Disability advocates say the state’s new vaccination protocol announced by Gov. Gavin Newsom Monday leaves out individuals with underlying health conditions.
The state’s plan prioritizes those 65 and older, health care workers, emergency services employees, food and agriculture workers and teachers and school staff. After that, the state will vaccinate by age and not occupation or health status.
The change was enacted “to reach the pace needed to vaccinate all Californians in a timely manner,” Gov. Newsom said in a news release.
“There are people who, even within age groups, you can still sub-prioritize,” Santa Barbara County Public Health Officer Dr. Henning Ansorg told the News-Press. “Not every 65 year old has the same health status.
“It’s difficult to just do it by age, but it’s also difficult on a large scale to get too nuanced because you lose the efficiency of vaccinating people as soon as possible.”
Critics argue that an age-based system disadvantages younger individuals with health conditions that were previously prioritized in the old protocol’s Phase 1C.
Andy Imparato, executive director of Disability Rights California, is one of a handful of disability advocates on California’s Community Vaccine Advisory Committee.
He told the News-Press that a couple of the representatives from disability rights organizations threatened to leave the committee when they felt ignored.
“We talk a lot, but us being heard by the co-chairs, it feels like we’re just starting to be heard,” he said.
Residents across California are speaking out as well, taking to Twitter with the hashtag #HighRiskCA to share their experiences. Alice Wong, disabled activist and founder and director of the Disability Visibility Project, started the trend to bring awareness to the issue.
The social media campaign spread rapidly Wednesday as individuals shared their diagnoses, many saying they’ve barely left home since March — a predicament when doctors appointments impact one’s quality of life.
So when the state stripped away Phase 1C, setting immunocompromised and disabled individuals with the general, people became confused, disappointed, and even angry.
When Disability Rights California saw the governor’s announcement Monday, Mr. Imparato said his coworkers were “really upset, and there was a lot of anger about it.”
They began working to catch the state’s attention, hoping Gov. Newsom would realize he made what they considered a mistake.
“We’re just arguing that people with the same risk of dying should be in line alongside (the elderly),” Mr. Imparato said.
The vaccine distribution also makes concessions to promote equity across income levels and ethnicities. But he argues that disability should be part of that consideration.
Members of the Community Vaccine Advisory Committee “used the word equity on every call without realizing that disability is part of equity,” he said.
He anticipates an announcement from the state soon accommodating Californians with underlying health conditions. Even then, he is worried that the vaccines won’t reach disabled people.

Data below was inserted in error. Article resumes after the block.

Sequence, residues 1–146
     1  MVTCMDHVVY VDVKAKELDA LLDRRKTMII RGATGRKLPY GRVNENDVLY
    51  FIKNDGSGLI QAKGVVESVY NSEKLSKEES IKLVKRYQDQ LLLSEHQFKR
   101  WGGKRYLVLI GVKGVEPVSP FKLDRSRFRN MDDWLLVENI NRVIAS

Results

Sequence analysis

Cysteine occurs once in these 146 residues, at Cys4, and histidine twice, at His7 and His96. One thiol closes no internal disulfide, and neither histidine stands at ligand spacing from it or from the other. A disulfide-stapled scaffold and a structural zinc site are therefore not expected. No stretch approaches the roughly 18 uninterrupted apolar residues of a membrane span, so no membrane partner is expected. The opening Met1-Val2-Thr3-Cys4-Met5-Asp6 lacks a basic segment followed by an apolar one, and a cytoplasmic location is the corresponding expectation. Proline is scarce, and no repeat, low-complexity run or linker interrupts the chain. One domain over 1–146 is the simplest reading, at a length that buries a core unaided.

“We’re going to have to stay vigilant on the equity issue,” he said. “We also get the vaccine to them.”
Dr. Ansorg echoed the need for accessible vaccination sites in the future.
“It’s difficult for someone who is disabled to wait in line at big vaccination clinics. It would make more sense to do more small, pop-up or mobile clinics which makes it more cumbersome but important,” he said.
The Santa Barbara County Public Health Department follows the vaccination guidelines from the state, which currently is authorizing vaccines for people over the age of 65, residents of congregate care facilities and health care workers. Currently, Santa Barbara County is only vaccinating those 75 and older.
“As Santa Barbara County has a high percentage of people over 75, we can’t go younger. In an ideal world, if we had more vaccines, that would be done in a couple of weeks,” he said.
He is most concerned with the shortage of vaccines. He estimates it will take until March or April to start vaccinating those younger than 65.
Mark Rothstein, Herbert F. Boehl chair of Law and Medicine at the University of Louisville School of Medicine and former policy editor for American Journal of Public Health, formerly advised the Centers for Disease Control and Prevention about how to prioritize treatment.
“We can all say very easily that everybody should get it, but not everybody can go first. You have to draw distinctions,” he said. “For the vaccine, it could be who’s most likely to become infected or who’s most likely to have a bad result if infected.”
Reactions to COVID-19 have been measured by age. There isn’t data to support vaccinating disabled individuals early.
“We don’t have much data on disability, and that’s not our fault,” said Mr. Imparato. “It feels like we got punished a lot for not having data.”
In the National Strategy for the Covid-19 Response and Pandemic Preparedness on Jan. 21, officials called for collection of data across underserved populations — including the disabled.
The national strategy, in chapter six, calls for equitable policies and affirms adults with chronic health conditions as vulnerable. It sends the CDC to help states update pandemic plans to describe equitable policy.